The settings, too, are brought to life in vivid color and textures that enrich the story and add another level of depth and engagement in the story. For someone who has never been to Jamaica, the places depicted in the story all seemed very real and clear in my mind.
There is some very amusing innuendo, adult content and violence throughout the book, so it’s not for younger audiences, but it is a story that can be enjoyed by a very broad adult audience because it blends elements of adventure, action, tragedy, romance and mystery with historical fiction, so that the story lines of individual characters are interwoven and tangled in most interesting and diverting ways.
A most enjoyable and entertaining audiobook, ‘No Quarter: Dominium: The Complete Series’ has been awarded a Gold Acorn.
It is not difficult to be horrified by the level of cruelty that humans will inflict on one another, especially where prejudice and power are involved. There is much in this book that tells of the trauma, the emotional and physical scarring, and the horrors experienced by the victims of such torture experienced not only by those who survived the government pogroms against the Jews in late 19th century Russia, but also by those exposed to the depths of degradation meted out to those who found themselves inside the cruel, cold walls of the notorious Blackwell’s Island Insane Asylum in New York.
Based on the true story of Nellie Bly’s infiltration of the asylum and subsequent exposure of the abuses and brutality that occurred there, and on the experiences of many who fled Russia in the hope of making a new life in America, ‘A Different Kind of Angel’ tells the stories of Klara Gelfman and the other women she meets inside that institution.
The book certainly has its dark moments, but it also gives emphasis to the resilience and kindness of people like Klara and her friends Catherine and Nellie. These women are inspirational in their ability to rise above the pain and muck time and time again, reminders to us all of the power of encouragement and kindness in the face of hostility and fear.
Mahurin tells a compelling story. The characters are strongly drawn, and the depictions of the various behaviours of the inmates of the asylum are vivid and, one suspects, based on careful study and research. At no time is the narrative insensitive to the plight of the insane, nor to the individual qualities of each woman and her mental illness. The reader has a strong sense of how their lives and conditions could be vastly different given proper care, nutrition and some kindness, and feels deeply grateful to the few souls who showed these women as much compassion as they were able to.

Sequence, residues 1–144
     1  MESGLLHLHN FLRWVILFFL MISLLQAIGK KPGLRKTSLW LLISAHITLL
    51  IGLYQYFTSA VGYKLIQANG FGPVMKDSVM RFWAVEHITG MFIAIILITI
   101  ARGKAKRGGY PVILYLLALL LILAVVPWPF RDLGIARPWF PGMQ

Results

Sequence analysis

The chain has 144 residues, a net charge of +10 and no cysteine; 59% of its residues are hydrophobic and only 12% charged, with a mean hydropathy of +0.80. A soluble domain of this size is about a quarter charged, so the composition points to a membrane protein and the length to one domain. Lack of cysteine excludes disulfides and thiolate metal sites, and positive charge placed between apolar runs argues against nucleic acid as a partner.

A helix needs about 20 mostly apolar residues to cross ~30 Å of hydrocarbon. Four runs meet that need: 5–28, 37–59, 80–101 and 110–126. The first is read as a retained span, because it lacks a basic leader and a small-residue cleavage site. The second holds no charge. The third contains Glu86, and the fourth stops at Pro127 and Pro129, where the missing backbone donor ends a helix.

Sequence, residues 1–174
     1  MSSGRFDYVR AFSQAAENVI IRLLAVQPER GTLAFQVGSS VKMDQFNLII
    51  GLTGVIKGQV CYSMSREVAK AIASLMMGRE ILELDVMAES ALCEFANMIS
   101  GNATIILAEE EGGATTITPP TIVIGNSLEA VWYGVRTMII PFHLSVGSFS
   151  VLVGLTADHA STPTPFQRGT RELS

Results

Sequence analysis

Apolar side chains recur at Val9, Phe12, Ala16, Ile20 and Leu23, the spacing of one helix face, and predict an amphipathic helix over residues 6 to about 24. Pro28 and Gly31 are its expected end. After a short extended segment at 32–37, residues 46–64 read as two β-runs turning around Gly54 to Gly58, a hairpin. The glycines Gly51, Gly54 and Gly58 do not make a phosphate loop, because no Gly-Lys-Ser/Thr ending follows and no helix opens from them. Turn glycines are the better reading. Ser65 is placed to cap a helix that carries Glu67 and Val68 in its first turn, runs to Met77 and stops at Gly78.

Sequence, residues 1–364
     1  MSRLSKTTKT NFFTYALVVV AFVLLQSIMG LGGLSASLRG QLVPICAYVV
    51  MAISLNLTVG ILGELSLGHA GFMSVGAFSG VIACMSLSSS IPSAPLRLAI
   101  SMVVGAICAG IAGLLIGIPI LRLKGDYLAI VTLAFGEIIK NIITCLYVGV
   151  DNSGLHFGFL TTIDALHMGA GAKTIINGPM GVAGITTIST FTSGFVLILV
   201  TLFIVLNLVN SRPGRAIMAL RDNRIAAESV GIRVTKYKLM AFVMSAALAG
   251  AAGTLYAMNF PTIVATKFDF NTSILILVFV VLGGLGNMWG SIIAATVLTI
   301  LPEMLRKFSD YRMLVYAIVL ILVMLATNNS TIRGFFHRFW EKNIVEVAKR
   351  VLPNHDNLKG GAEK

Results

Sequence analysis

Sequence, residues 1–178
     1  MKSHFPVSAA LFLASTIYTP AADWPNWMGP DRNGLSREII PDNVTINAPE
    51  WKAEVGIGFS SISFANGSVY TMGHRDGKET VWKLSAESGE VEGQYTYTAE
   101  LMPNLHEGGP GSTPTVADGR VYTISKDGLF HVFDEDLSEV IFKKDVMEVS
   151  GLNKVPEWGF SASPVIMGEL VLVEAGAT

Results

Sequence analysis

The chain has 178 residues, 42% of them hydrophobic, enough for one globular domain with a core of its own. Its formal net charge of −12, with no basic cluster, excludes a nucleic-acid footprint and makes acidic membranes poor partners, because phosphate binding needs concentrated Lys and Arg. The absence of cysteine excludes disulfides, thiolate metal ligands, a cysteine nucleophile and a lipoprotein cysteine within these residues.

Overall, the story is more encouraging than depressing, and most enlightening. Despite the darkness, the message of the story is positive and empowering, especially for those enduring some kind of misery or darkness in their own lives.
‘A Different Kind of Angel: A Novel’ has been awarded a Gold Acorn.
An interesting and entirely absorbing historical fiction novel.
This historical novel explores the friendship between ‘Prinny’ Prince George and Beau Brummel, the leading men of London fashion during the reign of George III. It is a turbulent story of the crests and troughs of the prince’s personal relationships and social fortunes, written from his point of view, providing very personal insight into the thoughts, feelings and inner conflicts of a man who was obligated to live his life in the public eye.
This novel is very well written. The writing is vivid and lively, effectively evoking the sights and sounds of London society and making almost tangible the sensations of fabrics, textures, and settings. The characters are complex and fascinating, although not necessarily likeable. The skill of the author is such that despite his flaws and selfishness, the reader is still strongly positioned to sympathise with the prince and to almost will him to overcome the adverse situations in which he finds himself.
This book is very interesting and entirely absorbing. I have awarded it a Gold Acorn for excellence.